One booth that really caught my eye was that of the Ridley bike folks. They had this very tough, very flahute kind of booth. Simple, straightforward, and to the point. We're Belgian and we're tough mofos.

Tough flahute mofos.

Talk about a tough mofo in a tough mofo picture. I wish I had a mural of this in the bike room.

Or of this. I thought it weird to have the Helium (a climbing bike) in front of an obviously flat Spring Classic kind of road.

I love those background pictures. I can imagine something like this in my bike room, maybe a surround-type mural, riders coming at me from one end of the room, riding past me in the middle, and riding away from me at the end. Who's up for making this stuff up - I'm sure you could sell bunches of this wall paper to college students, single bike racers, and attached bike racers with their own little indoor training area. Heck, just sell pictures you print out on a printer on 8.5x11 paper. I may just have to borrow a projector for my laptop and trace the pictures on the wall.

Extremely narrow seatstays in an up-down direction, surprisingly wide in a lateral way. Comfy until you stomp on the pedals, then really stiff. Or so it seems anyway.

Along the Belgian theme, the missus and I traveled over to the Museeuw booth for some pictures. His was a more simple booth, one that a fledgling company would have. He was there, talking with his clients, so we left him along. We drooled over some of the bikes appropriately and I took pictures of a bunch of them.

The sports utility bike.

I have two friends that ride such a bike, and one did quite well in one of those race/events that follows a Tour stage (brev-something). Both have problems with their neck, back, or hips, and both cannot ride dropped bars. I don't think Museeuw built this bike for them, but I guess it's the Euro version of a hipster bike.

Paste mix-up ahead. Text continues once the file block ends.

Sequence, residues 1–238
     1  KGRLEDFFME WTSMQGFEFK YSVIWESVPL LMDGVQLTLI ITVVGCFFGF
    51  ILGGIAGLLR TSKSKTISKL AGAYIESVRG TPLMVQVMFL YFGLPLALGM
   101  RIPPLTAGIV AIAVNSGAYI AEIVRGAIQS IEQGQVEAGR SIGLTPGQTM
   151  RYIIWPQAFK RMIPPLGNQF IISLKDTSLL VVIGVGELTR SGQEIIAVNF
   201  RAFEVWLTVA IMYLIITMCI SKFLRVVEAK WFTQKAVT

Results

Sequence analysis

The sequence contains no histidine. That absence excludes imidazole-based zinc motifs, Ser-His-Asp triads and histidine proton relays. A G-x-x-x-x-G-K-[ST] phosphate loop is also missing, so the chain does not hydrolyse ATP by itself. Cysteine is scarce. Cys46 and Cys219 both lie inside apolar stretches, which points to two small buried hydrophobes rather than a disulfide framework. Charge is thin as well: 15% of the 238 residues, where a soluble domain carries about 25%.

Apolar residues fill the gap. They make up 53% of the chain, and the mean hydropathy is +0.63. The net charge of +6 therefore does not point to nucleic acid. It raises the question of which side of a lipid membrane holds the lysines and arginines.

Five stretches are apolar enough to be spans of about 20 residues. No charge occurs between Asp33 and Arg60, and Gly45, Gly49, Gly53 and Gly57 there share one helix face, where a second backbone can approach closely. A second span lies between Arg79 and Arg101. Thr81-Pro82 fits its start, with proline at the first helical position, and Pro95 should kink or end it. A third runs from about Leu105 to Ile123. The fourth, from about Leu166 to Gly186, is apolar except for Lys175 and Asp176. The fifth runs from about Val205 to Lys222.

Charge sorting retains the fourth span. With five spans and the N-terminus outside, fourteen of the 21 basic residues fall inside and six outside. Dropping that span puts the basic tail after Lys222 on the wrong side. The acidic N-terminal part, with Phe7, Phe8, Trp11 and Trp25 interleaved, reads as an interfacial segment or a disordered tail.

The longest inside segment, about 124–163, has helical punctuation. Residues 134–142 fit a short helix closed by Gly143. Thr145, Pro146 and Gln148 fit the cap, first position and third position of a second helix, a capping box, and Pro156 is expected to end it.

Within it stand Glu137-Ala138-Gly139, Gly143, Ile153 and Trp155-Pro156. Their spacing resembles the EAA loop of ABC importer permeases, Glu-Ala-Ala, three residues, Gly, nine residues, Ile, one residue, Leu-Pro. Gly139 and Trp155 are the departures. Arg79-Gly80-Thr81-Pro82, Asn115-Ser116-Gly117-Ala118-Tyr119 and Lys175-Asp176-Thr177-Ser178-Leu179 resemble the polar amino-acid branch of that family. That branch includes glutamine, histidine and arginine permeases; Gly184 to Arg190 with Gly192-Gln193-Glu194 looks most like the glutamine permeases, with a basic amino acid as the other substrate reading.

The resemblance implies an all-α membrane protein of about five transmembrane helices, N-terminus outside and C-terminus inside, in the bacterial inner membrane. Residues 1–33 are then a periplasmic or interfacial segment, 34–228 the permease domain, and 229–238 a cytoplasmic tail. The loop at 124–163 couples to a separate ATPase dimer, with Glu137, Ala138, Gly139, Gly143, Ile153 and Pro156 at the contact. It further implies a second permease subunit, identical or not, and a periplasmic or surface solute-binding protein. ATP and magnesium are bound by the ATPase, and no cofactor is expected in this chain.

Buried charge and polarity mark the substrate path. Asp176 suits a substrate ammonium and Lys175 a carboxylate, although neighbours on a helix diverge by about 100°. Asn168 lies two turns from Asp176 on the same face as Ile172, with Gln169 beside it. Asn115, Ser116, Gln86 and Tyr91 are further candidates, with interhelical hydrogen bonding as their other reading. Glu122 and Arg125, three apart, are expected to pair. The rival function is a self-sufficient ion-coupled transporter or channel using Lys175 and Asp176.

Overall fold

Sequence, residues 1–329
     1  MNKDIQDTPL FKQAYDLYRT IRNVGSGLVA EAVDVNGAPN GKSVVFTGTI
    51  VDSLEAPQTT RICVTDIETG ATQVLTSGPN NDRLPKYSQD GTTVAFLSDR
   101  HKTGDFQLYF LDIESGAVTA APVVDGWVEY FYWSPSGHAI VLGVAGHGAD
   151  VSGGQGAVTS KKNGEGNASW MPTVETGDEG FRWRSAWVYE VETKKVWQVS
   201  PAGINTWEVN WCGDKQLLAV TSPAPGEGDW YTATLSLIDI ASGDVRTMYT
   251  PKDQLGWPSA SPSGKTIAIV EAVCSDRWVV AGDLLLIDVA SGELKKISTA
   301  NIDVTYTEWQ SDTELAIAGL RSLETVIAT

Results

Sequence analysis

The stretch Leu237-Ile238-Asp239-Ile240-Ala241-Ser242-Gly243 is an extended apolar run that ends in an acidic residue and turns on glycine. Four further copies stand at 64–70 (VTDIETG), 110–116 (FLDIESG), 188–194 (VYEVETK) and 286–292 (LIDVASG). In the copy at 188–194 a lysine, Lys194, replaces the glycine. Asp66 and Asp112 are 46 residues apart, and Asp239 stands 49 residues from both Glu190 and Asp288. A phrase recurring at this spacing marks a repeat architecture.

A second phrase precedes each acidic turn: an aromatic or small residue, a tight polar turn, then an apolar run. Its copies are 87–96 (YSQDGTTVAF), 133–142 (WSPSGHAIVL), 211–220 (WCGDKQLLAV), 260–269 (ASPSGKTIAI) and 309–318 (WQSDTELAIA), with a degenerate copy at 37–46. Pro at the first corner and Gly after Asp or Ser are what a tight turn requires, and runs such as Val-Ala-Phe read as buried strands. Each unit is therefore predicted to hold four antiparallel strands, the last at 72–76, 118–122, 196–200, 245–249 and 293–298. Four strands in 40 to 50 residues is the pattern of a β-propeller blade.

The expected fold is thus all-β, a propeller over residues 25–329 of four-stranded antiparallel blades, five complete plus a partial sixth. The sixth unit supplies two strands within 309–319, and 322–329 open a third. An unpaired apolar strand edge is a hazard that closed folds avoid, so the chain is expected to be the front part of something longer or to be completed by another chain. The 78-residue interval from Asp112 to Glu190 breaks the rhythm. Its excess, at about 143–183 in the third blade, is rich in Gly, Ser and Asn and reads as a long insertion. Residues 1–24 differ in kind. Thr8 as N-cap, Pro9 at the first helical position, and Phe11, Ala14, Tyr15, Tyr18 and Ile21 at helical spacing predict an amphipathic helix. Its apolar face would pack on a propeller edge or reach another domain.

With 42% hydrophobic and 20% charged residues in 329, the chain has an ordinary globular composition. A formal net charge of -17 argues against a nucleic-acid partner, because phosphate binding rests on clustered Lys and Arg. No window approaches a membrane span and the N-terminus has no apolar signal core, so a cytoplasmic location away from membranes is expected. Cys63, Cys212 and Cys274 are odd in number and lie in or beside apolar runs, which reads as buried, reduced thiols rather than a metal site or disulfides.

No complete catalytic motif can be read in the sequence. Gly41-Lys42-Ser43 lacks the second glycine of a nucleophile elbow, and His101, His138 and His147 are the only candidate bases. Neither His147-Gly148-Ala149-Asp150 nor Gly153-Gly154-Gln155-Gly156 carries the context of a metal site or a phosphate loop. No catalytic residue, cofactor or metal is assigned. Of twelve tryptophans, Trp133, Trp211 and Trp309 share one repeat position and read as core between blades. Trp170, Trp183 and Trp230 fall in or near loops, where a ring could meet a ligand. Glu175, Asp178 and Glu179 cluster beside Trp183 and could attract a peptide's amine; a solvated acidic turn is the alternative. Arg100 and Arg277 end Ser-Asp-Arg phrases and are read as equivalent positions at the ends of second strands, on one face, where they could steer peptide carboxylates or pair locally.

Interestingly enough, the clamp is made by Ritchey.

I like that the frame comes in a bag. I also like the track bike in the background.

The bag was crumpled up so I straighted it out for this picture. White doesn't seem quite Belgian to me, but covered in mud in a rainstorm, no one would know what color it was anyway. I suppose that was the point.

The frames, as I mentioned before, lack the aero high tech appeal that I'd been searching for during the whole show, but they had something else. They longed to go bashing over cobblestones, to be ridden hour after hour under dingy grey skies in the Belgian countryside.

I like the lugged look. Part of it is the fact that it implies "I can be customized". One piece molds scream, "You have to be Boonen to get a custom frame."

A close up of the floor bike reveals the flax tint (brownish color) deep in the tubes, a contrast to the all grey, all carbon lugs. Can you make a 50 x 56 for me? Lugs mean custom, right?

Aero wheels wouldn't be appropriate, and a semi-aero wheel would be pushing the limits. Box section would be more like it, with big, squared off bars more like narrow mountain bike bars than the delicate sprinter bars the smooth-road roadies like.

Although Museeuw seemed to be engrossed in business talks, the missus piped up that he was just talking with his buddies. So, after we gathered the courage to tap him on the shoulder (our friend did, we didn't), he gladly posed with his pride and joy bike for a picture.

The man with his machine. And his piece of flax cloth.

Then, to my happy astonishment, he also included me in the shot, putting his hand around my waist like we were long time buds. Okay, I admit we asked him if it was okay, and he agreed. But he agreed happily, so that's got to count for something.

I, being extremely "sponsor" conscious, carefully held up the flax-carbon fabric sample they'd been showing everyone, and that Museeuw himself had been holding in the picture. He laughed when he saw that, pleased, I'm sure, that this blogger guy was doing his part in return for the picture with the star.

And when the first picture didn't come out, he made us take a second, so that counts for something double.

And that was that. We ran into some friends and aquaintances from back home, including the official from Bethel. His advice - "Next year come here in shape!" I couldn't explain my feverish illness since I didn't feel that way today, but let me give you a tip.

Never, ever, ever eat the buffet food. Ever.

We had a nice meal (again) in the Grand Lux Cafe, collected our stuff from upstairs, and headed back to the hotel.

IB 2008, for us, was over.